Being shunned from the Jehovah’s Witnesses led me to reporting

(Left to right) Karama Sadaka, Helen Travers and Amneris Cruz are among the former Jehovah's Witnesses whose stories are told in  The Shunned Project . Photos courtesy of Sadaka, Travers and Cruz.

(Left to right) Karama Sadaka, Helen Travers and Amneris Cruz are among the former Jehovah's Witnesses whose stories are told in The Shunned Project. Photos courtesy of Sadaka, Travers and Cruz.

(REPORTER’S NOTEBOOK) I walked into a church in a suburb of Boston with Karen Wilson, a counselor from Montana who was holding a workshop on healing from spiritual abuse. Soon the 15 participants, curious and nervous, began to file in. All of them looked as if they were carrying an invisible burden— with shoulders hunched up to their ears and eyes puffy as if they had recently cried.  

This was my first foray into the world of spiritual abuse recovery.

I was an actor in New York, interested in creating a theater piece about people who were shunned by religious groups. I had interviewed several former members of high-control groups who had been cut off from their families, but after starting interviews, I realized that a theater piece wasn’t the right medium for the stories. I didn’t know where my research would take me.

I contacted Karen after reading an article about her work. After a series of correspondences, she invited me to join her at the workshop in Boston. I wasn’t a reporter and I didn’t know then that these were the first steps towards creating what would become The Shunned Project, an interactive website about the stories of shunned former Jehovah’s Witnesses.

When I went to graduate school for journalism a few years later, I decided to revisit the topic of religious shunning, but this time focusing solely on Jehovah’s Witnesses. I partnered with my classmate, Nour Saudi, who spearheaded the creation of the website, while I focused on reporting—finding people, conducting interviews and writing. The journey led us to interview nearly 100 former members from the U.S, Canada, the U.K, Chile and Australia.

I interviewed Dan Adams from Washington, who tearfully recalled the last time he saw his daughters. The occasion was his mother’s funeral. They contacted him by email before the funeral to tell him not to try to speak to them. No one spoke to him at the funeral.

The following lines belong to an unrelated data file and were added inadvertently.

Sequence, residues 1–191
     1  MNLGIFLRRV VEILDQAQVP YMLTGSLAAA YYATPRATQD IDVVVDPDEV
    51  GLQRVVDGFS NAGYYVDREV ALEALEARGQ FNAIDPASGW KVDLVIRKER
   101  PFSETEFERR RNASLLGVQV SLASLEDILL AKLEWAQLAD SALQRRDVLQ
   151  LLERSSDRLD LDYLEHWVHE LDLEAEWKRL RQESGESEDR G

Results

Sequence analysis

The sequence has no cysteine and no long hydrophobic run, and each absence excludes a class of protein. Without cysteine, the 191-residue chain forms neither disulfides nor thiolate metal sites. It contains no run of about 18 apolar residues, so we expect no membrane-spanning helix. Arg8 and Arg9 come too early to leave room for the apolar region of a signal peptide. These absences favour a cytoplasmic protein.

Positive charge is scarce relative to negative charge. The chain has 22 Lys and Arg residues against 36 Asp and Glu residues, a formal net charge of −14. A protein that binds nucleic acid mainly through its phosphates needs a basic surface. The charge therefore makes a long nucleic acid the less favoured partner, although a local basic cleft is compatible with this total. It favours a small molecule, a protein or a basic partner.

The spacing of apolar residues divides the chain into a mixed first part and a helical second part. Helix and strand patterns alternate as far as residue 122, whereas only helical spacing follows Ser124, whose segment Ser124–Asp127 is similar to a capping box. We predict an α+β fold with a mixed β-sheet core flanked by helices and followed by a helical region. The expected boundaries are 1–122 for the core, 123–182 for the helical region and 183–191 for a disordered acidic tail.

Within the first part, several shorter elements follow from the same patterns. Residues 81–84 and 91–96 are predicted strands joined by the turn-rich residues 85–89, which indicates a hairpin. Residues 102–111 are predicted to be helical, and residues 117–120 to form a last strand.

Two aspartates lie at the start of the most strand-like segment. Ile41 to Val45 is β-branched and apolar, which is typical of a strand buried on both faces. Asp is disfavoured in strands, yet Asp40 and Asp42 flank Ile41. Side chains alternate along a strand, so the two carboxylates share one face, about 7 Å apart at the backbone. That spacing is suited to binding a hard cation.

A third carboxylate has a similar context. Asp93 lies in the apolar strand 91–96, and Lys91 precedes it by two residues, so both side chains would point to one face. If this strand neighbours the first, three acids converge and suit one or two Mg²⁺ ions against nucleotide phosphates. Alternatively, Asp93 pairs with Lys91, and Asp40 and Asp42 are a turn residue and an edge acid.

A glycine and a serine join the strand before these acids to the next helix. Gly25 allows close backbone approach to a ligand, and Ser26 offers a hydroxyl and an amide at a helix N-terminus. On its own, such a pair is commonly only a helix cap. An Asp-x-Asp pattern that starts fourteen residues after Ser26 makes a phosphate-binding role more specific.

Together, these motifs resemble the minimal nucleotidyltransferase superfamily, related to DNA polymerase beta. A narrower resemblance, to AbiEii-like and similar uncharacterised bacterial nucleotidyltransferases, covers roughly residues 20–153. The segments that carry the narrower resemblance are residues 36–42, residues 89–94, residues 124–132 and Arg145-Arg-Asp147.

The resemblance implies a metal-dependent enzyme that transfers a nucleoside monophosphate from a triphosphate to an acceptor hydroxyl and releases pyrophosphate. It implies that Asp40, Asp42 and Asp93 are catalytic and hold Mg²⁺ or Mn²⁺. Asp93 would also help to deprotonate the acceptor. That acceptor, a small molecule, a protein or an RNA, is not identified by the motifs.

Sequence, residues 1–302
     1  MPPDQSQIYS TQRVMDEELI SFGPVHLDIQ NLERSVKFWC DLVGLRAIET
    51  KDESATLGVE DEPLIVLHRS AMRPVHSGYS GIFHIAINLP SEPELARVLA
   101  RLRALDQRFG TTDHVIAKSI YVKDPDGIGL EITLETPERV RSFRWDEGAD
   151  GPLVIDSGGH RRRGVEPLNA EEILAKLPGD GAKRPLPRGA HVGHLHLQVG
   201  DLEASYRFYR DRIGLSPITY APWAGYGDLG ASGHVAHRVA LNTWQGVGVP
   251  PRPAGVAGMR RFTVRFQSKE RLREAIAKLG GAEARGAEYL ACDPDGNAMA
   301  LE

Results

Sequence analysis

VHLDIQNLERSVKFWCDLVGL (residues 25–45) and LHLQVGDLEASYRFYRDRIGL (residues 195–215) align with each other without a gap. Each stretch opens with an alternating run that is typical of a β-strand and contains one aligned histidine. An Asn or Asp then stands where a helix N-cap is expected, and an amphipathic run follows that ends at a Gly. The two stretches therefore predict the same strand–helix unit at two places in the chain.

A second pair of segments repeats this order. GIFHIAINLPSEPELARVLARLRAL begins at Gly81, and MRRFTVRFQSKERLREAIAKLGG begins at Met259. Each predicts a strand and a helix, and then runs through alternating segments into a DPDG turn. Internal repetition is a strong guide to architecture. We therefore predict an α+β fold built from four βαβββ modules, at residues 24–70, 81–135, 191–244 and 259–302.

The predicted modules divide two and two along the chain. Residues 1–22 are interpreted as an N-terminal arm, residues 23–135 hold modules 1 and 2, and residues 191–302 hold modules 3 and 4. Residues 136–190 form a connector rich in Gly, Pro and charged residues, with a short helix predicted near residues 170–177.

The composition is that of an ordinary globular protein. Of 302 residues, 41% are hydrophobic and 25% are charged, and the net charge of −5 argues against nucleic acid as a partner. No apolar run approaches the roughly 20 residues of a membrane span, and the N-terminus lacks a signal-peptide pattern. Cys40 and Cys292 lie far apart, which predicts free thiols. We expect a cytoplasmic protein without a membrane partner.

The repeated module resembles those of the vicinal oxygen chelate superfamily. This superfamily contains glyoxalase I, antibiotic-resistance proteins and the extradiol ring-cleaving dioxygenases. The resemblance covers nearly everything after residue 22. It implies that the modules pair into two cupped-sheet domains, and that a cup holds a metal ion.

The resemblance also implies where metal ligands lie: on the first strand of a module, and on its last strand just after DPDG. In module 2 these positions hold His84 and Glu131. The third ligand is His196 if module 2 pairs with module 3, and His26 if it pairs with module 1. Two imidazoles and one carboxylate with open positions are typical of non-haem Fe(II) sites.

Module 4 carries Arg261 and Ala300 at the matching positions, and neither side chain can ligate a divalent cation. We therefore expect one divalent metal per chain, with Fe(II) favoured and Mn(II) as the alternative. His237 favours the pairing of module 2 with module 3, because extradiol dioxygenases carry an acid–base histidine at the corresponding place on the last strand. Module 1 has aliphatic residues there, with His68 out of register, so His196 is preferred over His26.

There was Amneris Cruz from Puerto Rico, who was sexually abused by her Jehovah’s Witness father for years during her childhood. Though it came out that he had also abused several other girls during the same period, the congregation hid the allegations and never took measures to protect the children.

There was Matthew Fudge from New Jersey, an active member of his church who sings in the choir, who believes that God called him out of the Jehovah’s Witnesses, and who grapples with the fact that his mother shunned him until the day she died. 

My interest in this topic has never been ambiguous. I was raised a Jehovah’s Witness. I never expected, however, to learn things about the religion that I didn’t know for the 19 years that I was a member. 

When I left the religion, I never wanted to look back. I didn’t join online communities of ex-Jehovah’s Witnesses. When I made new friends, it would take years before I ever told them about my family, or that I celebrated my first birthday when I was 21, and my first Christmas the following year. I mostly didn’t want to talk about it because I wasn’t sure there was much to tell. I knew about sexual abuse among Jehovah’s Witnesses because of big news stories about legal actions against the group, but I hadn’t been abused.

My life growing up in South Carolina had seemed quaint. I wasn’t disfellowshipped; I left the group of my own volition because I no longer agreed with the teachings. That resulted in my parents and siblings gradually shunning me, but there was no big moment of being cast out.

But as a storyteller and journalist, I realized how rich the stories of people who had been shunned were. In many ways, telling these stories opened up wounds that I didn’t know were there.

I interviewed a man who I had known my whole life, who grew up in a neighboring town, and learned that three of his sisters had been sexually abused by an elder in the congregation. I learned about the two-witness rule, which states that any accusations of abuse must have been witnessed by two members for any judicial action. There was Beth Sarim, the home that the second president of the organization built in San Diego for dead prophets to live when they are resurrected after Armageddon. There were the news stories of suicides and murders by former members.  

This is what I learned from dozens of interviews with former Jehovah’s Witnesses. My colleague and I selected 12 stories to include in the launch of the website in the fall of 2018. On it, you can read the stories of each individual and hear audio of their recorded interviews. These are the voices that changed my life, and which ultimately made me a reporter.

Joy Notoma is a writer and multimedia journalist based in Benin Republic. Her work has appeared in Longreads, CNN, and Al Jazeera, among other publications. Find her online at